Subsidies to solar farms cut

Subsidies to solar farms cut

Defra has recently announced that from January 2015, farmers will lose their right to claim subsidies under the Common Agricultural Policy for fields used for solar panels. Subsidies are being withdrawn under new plans to ensure agricultural land is dedicated to growing crops and food.

Environment Secretary Elizabeth Truss, has said

English farmland is some of the best in the world and I want to see it dedicated to growing quality food and crops. I do not want to see its productive potential wasted and its appearance blighted by solar farms. Farming is what our farms are for and it is what keeps our landscape beautiful.’

These announcements come at a time, where renewable energy support is being amended and backing for large scale solar farms is shifting from the renewables obligation to the contracts for difference scheme, leaving some concerned about the impacts this will have on the development of solar energy projects.

Some commentators and farmers are claiming that this announcement is a knee jerk reaction to some poorly-sited solar farms.  Many farmers using fields for solar panels, and currently in receipt of the subsidies, are not experiencing any loss of production at these farms, as their livestock continue to graze in the fields, as well as using the panels for shelter from the weather.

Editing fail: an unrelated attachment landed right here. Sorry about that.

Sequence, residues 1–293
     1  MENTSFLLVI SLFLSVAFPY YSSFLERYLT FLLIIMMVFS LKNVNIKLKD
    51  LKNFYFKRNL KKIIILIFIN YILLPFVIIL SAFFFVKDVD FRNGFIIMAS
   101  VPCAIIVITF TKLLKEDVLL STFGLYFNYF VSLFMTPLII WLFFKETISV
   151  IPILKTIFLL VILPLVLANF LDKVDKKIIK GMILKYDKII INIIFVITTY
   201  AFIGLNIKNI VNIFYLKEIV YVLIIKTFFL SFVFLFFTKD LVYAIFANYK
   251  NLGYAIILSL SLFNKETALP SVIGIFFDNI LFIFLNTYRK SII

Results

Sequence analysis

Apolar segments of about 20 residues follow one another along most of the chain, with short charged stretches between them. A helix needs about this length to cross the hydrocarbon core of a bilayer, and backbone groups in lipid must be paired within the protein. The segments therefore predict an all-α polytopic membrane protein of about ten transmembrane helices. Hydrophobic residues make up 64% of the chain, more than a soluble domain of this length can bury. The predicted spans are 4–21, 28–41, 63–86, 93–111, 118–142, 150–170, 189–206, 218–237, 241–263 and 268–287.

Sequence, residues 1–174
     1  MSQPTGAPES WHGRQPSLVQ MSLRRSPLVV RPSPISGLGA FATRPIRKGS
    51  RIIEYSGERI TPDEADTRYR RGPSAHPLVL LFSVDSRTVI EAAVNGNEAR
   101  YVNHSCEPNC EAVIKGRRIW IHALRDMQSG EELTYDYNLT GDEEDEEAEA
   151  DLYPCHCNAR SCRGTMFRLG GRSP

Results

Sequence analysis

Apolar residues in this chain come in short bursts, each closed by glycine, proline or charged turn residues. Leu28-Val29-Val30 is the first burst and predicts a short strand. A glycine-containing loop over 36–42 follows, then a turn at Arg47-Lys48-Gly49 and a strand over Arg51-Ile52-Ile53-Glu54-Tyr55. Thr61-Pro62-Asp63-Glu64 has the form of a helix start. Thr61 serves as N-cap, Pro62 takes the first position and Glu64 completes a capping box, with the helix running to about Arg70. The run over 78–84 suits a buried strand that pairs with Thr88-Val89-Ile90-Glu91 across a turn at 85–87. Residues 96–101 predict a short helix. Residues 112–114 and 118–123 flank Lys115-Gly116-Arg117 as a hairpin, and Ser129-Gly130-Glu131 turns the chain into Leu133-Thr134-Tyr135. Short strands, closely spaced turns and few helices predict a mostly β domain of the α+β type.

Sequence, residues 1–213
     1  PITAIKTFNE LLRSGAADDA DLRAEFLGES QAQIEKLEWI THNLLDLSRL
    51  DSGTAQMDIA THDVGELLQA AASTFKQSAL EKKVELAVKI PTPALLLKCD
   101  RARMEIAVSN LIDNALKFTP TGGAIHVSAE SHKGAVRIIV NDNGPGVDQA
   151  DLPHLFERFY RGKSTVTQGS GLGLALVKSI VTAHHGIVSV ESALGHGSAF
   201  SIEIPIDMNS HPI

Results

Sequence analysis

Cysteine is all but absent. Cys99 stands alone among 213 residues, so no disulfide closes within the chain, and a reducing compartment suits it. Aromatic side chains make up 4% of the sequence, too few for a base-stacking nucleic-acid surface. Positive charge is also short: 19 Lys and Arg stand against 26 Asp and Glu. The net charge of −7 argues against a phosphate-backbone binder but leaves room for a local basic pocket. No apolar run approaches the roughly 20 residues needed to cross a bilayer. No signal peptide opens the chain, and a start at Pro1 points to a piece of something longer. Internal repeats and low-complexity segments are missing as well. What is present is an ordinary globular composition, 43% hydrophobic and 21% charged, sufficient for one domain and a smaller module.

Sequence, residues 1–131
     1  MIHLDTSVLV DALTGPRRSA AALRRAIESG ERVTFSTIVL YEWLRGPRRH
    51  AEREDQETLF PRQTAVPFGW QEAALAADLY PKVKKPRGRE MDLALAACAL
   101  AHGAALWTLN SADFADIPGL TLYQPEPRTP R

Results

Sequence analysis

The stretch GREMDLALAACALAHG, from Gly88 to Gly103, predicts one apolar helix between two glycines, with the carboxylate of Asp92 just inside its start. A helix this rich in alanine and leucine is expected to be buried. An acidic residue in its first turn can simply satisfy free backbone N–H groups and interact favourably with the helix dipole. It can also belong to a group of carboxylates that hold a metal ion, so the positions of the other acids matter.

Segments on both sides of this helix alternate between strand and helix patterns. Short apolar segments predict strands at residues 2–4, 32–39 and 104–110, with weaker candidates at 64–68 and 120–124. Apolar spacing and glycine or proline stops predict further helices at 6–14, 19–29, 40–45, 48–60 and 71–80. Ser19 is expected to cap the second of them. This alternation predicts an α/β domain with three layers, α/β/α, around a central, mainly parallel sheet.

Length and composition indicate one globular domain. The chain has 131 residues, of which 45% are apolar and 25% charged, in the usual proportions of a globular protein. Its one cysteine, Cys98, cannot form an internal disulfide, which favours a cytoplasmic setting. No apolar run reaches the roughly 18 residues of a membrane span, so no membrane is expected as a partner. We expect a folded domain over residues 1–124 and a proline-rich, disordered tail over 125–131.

It is clear that it’s government policy to try to curb the growth of rural solar energy projects, instead confining the success of solar projects to south-facing commercial rooftops. This might however seem at odds with other policies where we are frequently told of the country’s impending energy crisis and the need to find reliable alternative energy sources. So, in this vein we might question how much sense it makes for the government with one hand to be so committed to ensuring energy producing solar panels don’t blight our beautiful countryside, while with the other, in search of an energy solution, they are signing consents to give the go ahead to blight the countryside with fracking exploration.

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About the author:

Simone is an environmental law specialist and is head of LexisPSL Environment.

Simone moved to LexisNexis from Clyde & Co where she trained. Whilst at Clyde & Co Simone gained experience in contentious work, including large scale arbitrations, private claims and regulatory breaches, and a variety of non-contentious issues. Some of her experience includes the EU Emissions Trading System, the domestic Carbon Reduction Commitment Energy Efficiency Scheme, environmental due diligence, Energy Performance Certificates, permitting requirements and contaminated land.

Simone has written a number of articles, which have been published in various journals and is a trustee of the United Kingdom Environmental Law Association (UKELA).